Letter: Rose by another name?
It is good to know that there is still a socialist party for people to join and stay with and encourage others to become party members. So why don’t they? What are they looking for? The very same as the bulk of most countries. A fairer share which, under present circumstances, they won’t get. How could they? There needs to be a radical change, and that change is the removal of the market economy by a resource economy. The party that marched under that banner would gain votes that would put them into a majority in parliament and the means to enforce it. All the problems that presently assail us would be swiftly dealt with and met away. To put it succinctly, S.P.E.R.T.
Space from empty financial premises converted to housing and medical premises and so on. Namely hospitals asap. Existing ones refurbished.
Personnel pared down to those operating a debit and credit system to deal with our booming and expanding productivity, gained from full employment; servicing our imports with our exports. So many filling our employment gaps.
Energy. In the shape of electricity, gas, water and human, being wasted in inconceivable amounts by institutions manipulating money for profit and pure greed and advantage often leading to global conflict and inevitable sufferings of innocents.
Resources. In the shape of aforementioned space and personnel plus all furnishings, vehicles, equipment, trappings, accoutrements and servicing appertaining to financial institutions made available to worthwhile social endeavour.
Time which could be and should be devoted to the welfare of every individual born is applied by too many in the pursuit of wealth and thus power and the gratification that arises, thereby wasting irrecoverable time repetitively.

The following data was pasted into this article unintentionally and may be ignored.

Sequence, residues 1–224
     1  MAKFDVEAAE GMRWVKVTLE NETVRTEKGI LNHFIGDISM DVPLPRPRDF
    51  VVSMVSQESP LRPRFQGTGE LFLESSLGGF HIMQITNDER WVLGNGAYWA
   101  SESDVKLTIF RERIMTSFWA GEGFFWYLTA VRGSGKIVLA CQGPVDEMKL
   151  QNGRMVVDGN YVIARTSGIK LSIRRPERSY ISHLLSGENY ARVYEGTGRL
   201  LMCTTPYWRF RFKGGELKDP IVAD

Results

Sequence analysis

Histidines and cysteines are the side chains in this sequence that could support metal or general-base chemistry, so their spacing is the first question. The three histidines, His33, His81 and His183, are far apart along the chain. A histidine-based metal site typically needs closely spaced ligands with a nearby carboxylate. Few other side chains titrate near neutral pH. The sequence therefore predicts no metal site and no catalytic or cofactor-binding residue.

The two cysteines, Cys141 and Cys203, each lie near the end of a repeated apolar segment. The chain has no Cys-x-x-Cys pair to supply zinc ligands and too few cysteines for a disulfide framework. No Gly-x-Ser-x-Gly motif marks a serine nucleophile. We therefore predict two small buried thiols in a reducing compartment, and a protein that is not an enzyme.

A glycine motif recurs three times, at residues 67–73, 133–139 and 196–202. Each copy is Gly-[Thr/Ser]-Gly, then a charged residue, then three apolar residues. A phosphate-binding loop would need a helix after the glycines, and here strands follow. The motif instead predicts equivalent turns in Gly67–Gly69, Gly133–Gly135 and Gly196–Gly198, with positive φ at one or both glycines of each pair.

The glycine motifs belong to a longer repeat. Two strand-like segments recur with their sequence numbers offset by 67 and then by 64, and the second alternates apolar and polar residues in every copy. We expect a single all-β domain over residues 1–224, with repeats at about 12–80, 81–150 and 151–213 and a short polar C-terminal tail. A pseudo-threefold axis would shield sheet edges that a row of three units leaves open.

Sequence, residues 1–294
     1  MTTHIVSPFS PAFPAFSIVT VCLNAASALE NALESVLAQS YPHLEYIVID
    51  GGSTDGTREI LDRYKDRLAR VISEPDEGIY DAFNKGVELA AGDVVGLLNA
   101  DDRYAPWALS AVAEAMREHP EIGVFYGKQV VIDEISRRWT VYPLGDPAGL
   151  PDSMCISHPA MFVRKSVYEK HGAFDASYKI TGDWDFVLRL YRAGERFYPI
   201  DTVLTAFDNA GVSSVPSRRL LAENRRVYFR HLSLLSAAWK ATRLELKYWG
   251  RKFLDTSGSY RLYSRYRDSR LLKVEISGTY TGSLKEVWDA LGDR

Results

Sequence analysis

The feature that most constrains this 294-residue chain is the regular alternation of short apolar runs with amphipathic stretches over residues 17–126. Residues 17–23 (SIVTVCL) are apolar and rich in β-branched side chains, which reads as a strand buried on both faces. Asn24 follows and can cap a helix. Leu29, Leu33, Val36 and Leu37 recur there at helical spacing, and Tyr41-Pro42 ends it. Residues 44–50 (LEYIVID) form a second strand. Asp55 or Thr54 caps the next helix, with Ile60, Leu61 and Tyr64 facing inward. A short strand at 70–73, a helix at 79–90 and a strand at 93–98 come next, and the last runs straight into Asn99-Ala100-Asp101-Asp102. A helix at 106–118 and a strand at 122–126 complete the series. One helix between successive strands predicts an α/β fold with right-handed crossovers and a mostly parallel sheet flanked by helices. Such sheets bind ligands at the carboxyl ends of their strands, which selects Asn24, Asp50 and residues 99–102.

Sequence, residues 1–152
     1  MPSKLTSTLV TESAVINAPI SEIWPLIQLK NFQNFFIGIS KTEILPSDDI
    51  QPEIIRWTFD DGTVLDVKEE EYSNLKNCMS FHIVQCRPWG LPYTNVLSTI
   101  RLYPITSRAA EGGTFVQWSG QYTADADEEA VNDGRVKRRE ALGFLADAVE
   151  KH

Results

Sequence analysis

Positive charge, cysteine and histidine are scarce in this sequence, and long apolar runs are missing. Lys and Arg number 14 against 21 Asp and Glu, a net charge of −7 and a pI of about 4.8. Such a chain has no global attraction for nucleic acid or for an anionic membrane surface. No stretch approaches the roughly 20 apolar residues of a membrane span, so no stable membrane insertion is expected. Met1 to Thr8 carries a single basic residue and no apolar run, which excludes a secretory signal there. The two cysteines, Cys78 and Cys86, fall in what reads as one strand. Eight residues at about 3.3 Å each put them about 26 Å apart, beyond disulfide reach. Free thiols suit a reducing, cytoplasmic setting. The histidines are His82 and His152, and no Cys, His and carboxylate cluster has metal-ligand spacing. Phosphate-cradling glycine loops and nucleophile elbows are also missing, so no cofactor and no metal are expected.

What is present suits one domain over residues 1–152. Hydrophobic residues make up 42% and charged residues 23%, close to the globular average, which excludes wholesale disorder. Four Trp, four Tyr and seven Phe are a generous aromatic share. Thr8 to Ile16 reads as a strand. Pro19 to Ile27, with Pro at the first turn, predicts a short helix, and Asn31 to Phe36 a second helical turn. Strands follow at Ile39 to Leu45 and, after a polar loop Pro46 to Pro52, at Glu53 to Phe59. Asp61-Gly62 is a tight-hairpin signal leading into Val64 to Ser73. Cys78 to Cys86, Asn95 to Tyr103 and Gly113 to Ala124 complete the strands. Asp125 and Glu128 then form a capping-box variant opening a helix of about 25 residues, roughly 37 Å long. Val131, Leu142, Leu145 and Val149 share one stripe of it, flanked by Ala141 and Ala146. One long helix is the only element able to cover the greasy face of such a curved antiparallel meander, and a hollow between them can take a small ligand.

Raise the SPERT banner. You may well attract far more support than you do now.
E.W. Reynolds, Reading.
We can agree with the gist of what you say – that if the physical and human resources currently devoted to running a market economy’s financial and monetary institutions were redirected towards meeting people’s needs, then people would no longer need to face the problems they do.
This presupposes that productive resources are owned and controlled by society as a whole and no longer by rich individuals, capitalist corporations or governments. Under these circumstances money would become redundant as goods and services would be produced directly for people to take and use instead of for sale and profit as at present.
In this context the language of your second point – ‘debit and credit’, ‘full employment’ – is confusing as these words could be taken as suggesting, contrary to what you say elsewhere, the continued use of money. We assume that what you mean is that organising the production and distribution of wealth will be pared down to calculating and recording the use of physical resources, and that by ‘full employment’ you mean that everyone will have work to do (as opposed to having an employer who pays them a money-wage).
Similarly, talk of ‘imports’ and ‘exports’ implies that you think that a ‘resource economy’ could exist in one country alone. We disagree. Capitalism is already an integrated, world-wide system of which all countries are a part. So must its successor, socialism, be. We don’t agree that calling such a society in which money will have become redundant ‘Spert’ or whatever rather than ‘socialism’ will attract more support for it than at present – Editors.